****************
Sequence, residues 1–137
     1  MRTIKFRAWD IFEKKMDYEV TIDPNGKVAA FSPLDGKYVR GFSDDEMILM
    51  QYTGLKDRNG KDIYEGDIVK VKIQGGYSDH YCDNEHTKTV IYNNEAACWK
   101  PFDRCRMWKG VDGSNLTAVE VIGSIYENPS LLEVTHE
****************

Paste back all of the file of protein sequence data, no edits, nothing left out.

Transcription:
Sequence, residues 1–137
     1  MRTIKFRAWD IFEKKMDYEV TIDPNGKVAA FSPLDGKYVR GFSDDEMILM
    51  QYTGLKDRNG KDIYEGDIVK VKIQGGYSDH YCDNEHTKTV IYNNEAACWK
   101  PFDRCRMWKG VDGSNLTAVE VIGSIYENPS LLEVTHE